Originally Posted by Mick1234
Hi folks, 3 questions:
1) Has anyone heard the difference between the R5 and the R7? For a 5.1 setup do I get much more from the R7?
2) The R3s are too big for me to use as surrounds in my room. Would the R100s or the Q150s work as a substitute? Any other suggestions?
3) What avr would people recommend? I currently have a Dennon x3200w, but I'm afraid this receiver wouldn't do these speakers any justice.
Thanks in advance for your help.
~ hifi newb
I'm a KEF dealer and have been for nearly 10 years, so I have significant experience with the models you're asking about as well as their predecessors. The R series is a unique and beautiful product. Clients have said they get compliments and questions about them all the time and have been very very pleased.
Some notes regarding your questions...
- For theater duties in a 5.1 (or any multi-channel setup, really) there won't be a world of difference between the R7 & R5 until you get up into trying to do some higher volume listening (theater levels) or if you're in a upper medium to large room. For example: My room is 13'x25'x8' = 2,600 cubic feet - under THX Ultra2 spec - and I sit 13' & 17' away. Either speaker would do well, with the R7 being the "bigger', fuller sounding setup.
- For 2 channel music, the R7 will be the winner there. No question. The trick, though, will be placement. You will want the R7 set correctly for your room to get their best performance. If you will be constrained in space or having to stick these right up against a boundary or corner, I would recommend the smaller R5 as it will be easier to integrate into a space like that.
- I'm of a different opinion than the others here when it comes to the surrounds. Whenever budget allows voice matching or speakers of the same series is typically the ideal. You can get away with stepping down if you need, but here is why I usually recommend staying in series.
The reasons are numerous. In no particular order...
1: The R-Series has a distinct and beautiful look. Having those up front and then the Q series in the back won't be as aesthetically uniform and will look like a half measure.
2: Uniform Sound. Setting aside digital surround sound, lets look at another common sound format: Multi Channel Stereo. I listen to lots of content this way - some music, sporting evens, most TV shows. You can absolutely, positively tell a difference between speaker grades in this format as they are all playing at once.
^ As someone that enjoys a fair amount of content in all channel stereo, the above is important enough to me that, in my personal systems, everything is series or voice matched as close as possible. Especially since when my kid goes to bed I like to have a lower volume, but still want to hear everything as I walk around the house or move around. The difference in quality between front & back can be apparent in this sound mode.
3: Similar Capabilities. Having a system where the fronts are able to play larger volume levels without distortion or cabinet resonances is awesome... until the rears can't match them and become obvious weak points in the room. If matching the R series in the surrounds is out due to $, the others are good in the recommendation of stepping down to the Q series.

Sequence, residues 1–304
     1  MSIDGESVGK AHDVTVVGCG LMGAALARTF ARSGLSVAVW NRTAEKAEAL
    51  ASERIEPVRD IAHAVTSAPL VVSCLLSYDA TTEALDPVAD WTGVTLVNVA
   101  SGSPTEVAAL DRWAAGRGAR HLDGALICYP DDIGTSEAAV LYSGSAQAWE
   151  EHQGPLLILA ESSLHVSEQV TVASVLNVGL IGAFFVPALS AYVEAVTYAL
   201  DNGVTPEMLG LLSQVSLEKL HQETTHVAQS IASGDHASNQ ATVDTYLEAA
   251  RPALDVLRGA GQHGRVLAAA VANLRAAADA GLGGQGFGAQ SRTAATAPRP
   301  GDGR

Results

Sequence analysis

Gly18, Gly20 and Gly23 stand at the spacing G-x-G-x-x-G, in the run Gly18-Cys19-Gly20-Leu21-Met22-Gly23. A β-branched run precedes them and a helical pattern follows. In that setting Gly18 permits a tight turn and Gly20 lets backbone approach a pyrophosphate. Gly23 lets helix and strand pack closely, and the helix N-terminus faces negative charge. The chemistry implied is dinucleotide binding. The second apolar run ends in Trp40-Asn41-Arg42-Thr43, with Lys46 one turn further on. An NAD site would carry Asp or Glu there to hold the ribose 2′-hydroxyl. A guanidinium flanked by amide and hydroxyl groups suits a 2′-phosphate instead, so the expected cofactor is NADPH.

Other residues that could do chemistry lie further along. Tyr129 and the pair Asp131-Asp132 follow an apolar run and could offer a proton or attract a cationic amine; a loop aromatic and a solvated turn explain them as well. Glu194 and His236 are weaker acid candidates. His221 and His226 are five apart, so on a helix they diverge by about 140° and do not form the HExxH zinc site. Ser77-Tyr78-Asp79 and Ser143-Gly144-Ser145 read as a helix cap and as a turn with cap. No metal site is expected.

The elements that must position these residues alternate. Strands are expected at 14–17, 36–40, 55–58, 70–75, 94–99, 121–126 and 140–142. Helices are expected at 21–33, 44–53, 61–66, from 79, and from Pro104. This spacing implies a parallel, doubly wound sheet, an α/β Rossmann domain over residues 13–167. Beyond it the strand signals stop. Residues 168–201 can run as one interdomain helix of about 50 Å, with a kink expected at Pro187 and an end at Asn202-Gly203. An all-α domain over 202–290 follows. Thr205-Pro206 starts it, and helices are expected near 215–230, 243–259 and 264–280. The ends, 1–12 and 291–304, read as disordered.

^ I would even look at the Q series in-wall speakers if that type of install's an option as they wouldn't be as visually different and relatively stealthy.
- On the receiver front, If yours seems a little weak (it just might) I'm a dealer of Denon, Marantz, Onkyo, Pioneer/Elite, Integra, and others. I tend to cherry pick for what the project needs, but my favorite receiver line is the Yamaha Aventage Line. The RX-A2080 would be an outstanding receiver for your room size and either of those speakers.
I'm going to have to try Onkyo's new RZ line just to see how I feel about it. There are aspects of those that look outstanding. I haven't ventured into the receiver thread to read opinions, and I probably won't. I like to try things without expectation.
- Regarding room correction: IMO, the benefits are WAY overblown and overstated. I've seen some incredible assertions where people hype up room correction as if it's some sort of crappy system or room fixing silver bullet. It's not. It can help, or it can hurt. We rarely use it on our projects as it can make a mess of things and be a waste of time. My hands are on a lot of receivers a year. They all have their plus & minus sides.
I would rarely, if ever recommend buying one receiver over another because of it's software. I think it's something to talk about, so guys bring it up like it's some saving grace, miracle potion for bad choices. If your room is acoustically bad, fix it in the physical realm first. If your speakers sound bad.... buy proper ones. Software isn't going to make bad speakers sound good, but if can make good speakers sound bad.
Buy your receiver based on DURABILITY, POWER, INPUTS, and then... somewhere down the line is software that you may or may not use. The forum is littered with, I would guess, a hundred threads praising or damning each manufacturer's auto-cal. The flavor of the month changes all the time. My professional opinion is to try it with out, try it with, and then choose one and mess with it to your liking.
Feel free to ask questions. I'm sure others will chime in with their experiences as well. Best of luck to you!